"What was fascinating about the results, however, was the light they shed on some of the business practices of many of the world’s largest companies."
alan cane, business journalist, financial timesAlan CaneFinancial Times24 February 2012
Recent research across three continents – the Americas, Europe and Asia – and involving some 216 senior executives reveals not entirely unexpected agreement on the principal trends affecting organisations. Jointly at the top of the list were the financial crisis and regulatory pressures, followed closely by information and data security, customer service expectations and more distantly, globalisation.
Further down the list came population ageing, the socialisation of the internet, climate change and the challenge of new technologies.
While it was not mentioned explicitly in the research, this latter challenge is likely to encompass the move from the present internet protocol, version 4 (IPv4) to version 6 (IPv6). June 6 this year, has been chosen by the Internet Society for internet service providers, web companies and networking equipment suppliers to demonstrate their commitment to IPv6.
The research, lead by Peter Siggins of PA Consulting Group, is aimed at emphasising the importance of “smart” technologies such as smart phones and smart meters to modern business. Its conclusion, that companies that exploit these technologies can stay a step ahead of their competitors – is incontestable.
What was fascinating about the results, however, was the light they shed on some of the business practices of many of the world’s largest companies.
For example, educating and training staff to deal with the new pressures is not high on many companies’ agendas: “Our survey found that just 11 per cent of organisations are focused on training and developing staff in order to address global trends” the research notes.
"Linked to this, was the finding that a big obstacle to implementing a smart technology programme was a reluctance among middle management to embrace change – especially where the automation of previously manual processes threatened their role and status.
"Front line staff were less entrenched, it found: “Those in direct contact with customers are more likely to be enthusiastic about using new technology that can make their work easier and more satisfying".
More worrying, however, was evidence that there is little agreement at a senior level on business priorities in many companies: “It was clear from our survey that in many organisations there is no consensus internally at senior level on what is important for business.
"For example, while 71 per cent of chief information officers believe that information and data security is one of the most significant trends affecting their organisation, only 40 per cent of chief executive officers agreed. In fact, the financial crisis was the only trend on which chief executive and their directors were in agreement in terms of its significance".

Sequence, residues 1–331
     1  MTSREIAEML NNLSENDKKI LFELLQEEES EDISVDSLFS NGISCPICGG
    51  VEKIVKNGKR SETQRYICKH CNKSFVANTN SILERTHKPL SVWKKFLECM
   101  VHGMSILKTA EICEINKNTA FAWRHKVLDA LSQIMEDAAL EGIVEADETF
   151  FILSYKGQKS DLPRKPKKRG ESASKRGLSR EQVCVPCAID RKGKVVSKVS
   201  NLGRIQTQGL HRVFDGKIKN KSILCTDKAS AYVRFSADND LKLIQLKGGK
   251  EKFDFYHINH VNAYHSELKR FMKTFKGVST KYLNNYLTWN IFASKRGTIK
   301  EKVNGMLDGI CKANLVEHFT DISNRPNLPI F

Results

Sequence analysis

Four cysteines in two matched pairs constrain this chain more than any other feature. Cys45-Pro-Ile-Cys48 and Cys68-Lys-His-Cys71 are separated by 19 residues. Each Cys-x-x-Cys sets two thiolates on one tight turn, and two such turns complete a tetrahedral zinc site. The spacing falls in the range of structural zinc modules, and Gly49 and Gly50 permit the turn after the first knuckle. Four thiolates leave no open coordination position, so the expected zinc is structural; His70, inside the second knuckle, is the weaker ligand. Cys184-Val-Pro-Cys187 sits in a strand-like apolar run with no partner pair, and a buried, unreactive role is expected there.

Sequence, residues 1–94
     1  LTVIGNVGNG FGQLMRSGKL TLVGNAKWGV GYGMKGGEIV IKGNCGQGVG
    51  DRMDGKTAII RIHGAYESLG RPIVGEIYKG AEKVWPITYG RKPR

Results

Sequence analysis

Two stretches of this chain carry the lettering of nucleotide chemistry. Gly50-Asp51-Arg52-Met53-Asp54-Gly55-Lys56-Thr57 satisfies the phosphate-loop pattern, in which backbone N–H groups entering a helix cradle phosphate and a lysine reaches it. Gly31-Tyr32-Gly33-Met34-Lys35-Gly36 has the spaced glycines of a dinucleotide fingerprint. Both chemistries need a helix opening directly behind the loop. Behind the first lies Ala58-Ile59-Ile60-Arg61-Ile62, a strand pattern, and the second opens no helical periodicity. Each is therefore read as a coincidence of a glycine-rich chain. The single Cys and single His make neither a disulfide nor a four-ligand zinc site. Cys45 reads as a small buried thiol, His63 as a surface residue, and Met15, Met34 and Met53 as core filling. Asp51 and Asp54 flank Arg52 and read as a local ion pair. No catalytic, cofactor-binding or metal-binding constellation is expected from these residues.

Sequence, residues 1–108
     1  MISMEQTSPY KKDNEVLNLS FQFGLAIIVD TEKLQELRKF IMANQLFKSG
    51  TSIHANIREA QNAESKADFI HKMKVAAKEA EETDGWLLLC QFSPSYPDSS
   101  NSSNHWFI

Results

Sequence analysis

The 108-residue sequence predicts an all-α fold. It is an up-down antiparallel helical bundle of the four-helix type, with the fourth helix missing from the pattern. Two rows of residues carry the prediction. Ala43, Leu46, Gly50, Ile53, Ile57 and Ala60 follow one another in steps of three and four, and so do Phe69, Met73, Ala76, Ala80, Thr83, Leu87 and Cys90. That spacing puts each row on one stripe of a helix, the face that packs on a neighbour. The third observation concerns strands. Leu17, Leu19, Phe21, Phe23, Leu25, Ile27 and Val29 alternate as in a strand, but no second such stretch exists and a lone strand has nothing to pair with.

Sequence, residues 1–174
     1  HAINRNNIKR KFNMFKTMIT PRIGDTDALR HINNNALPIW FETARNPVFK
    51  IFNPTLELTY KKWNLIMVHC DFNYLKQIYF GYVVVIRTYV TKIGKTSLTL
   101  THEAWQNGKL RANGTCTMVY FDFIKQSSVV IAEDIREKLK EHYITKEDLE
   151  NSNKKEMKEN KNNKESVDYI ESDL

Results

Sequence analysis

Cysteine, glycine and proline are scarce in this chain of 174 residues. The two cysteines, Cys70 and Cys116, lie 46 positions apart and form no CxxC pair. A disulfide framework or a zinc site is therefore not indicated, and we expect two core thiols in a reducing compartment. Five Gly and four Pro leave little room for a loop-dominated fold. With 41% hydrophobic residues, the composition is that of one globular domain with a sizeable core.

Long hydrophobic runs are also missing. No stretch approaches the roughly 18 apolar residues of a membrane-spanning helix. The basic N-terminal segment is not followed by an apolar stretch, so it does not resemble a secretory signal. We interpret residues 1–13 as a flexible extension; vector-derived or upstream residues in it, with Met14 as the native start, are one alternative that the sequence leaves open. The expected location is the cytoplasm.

None of which suggests the change from IPv4 to IPv6 will be particularly smooth. It is, however, essential. Data centres that fail to make the change will find it impossible to connect to some Cloud resources and their ability to communicate will fall away.
Internet protocol provides the pool of internet addresses. Version 4 is now essentially depleted. Version 6 provides an almost unlimited supply – enough to connect virtually everything in the universe to the internet.
But as the IPv6 evangelist Owen Delong, noted recently, there are more advantages to the new protocol than a surfeit of addresses.
He points out that IPv4 suffers from “inefficient routing and packet processing, indirect data flows, overly complex network configuration and feeble security”. Indeed, it is something of a miracle that the internet functions as well as it does.
IPv6, however, should introduce improved routing efficiency, reduce router processing, enable true peer-to-peer connectivity and eliminate complex layers of indirection such as network address translation (NAT), Mr Delong argues.
The companies that will be demonstrating support for IPv6 on June 6 will include AT&T, KDDI, the Japanese telecoms operator, Cisco Systems, D-Link, the networking company, and Facebook, Google and Microsoft Bing.
A high percentage of companies are planning to shift some or most of their IT activities to the Cloud over the next several years, underlining the importance of a smooth transition to IPv6. But it will not necessarily be an easy task for some data centres faced with running “dual stack” IPv4 and IPv6 systems until the new protocol is “bedded in”.
They will have to have all their ducks – for which read business priorities – neatly in line. The evidence from the PA survey, and it is worth asking how many chief executives are even aware of the IPv6 issue, suggests many will struggle.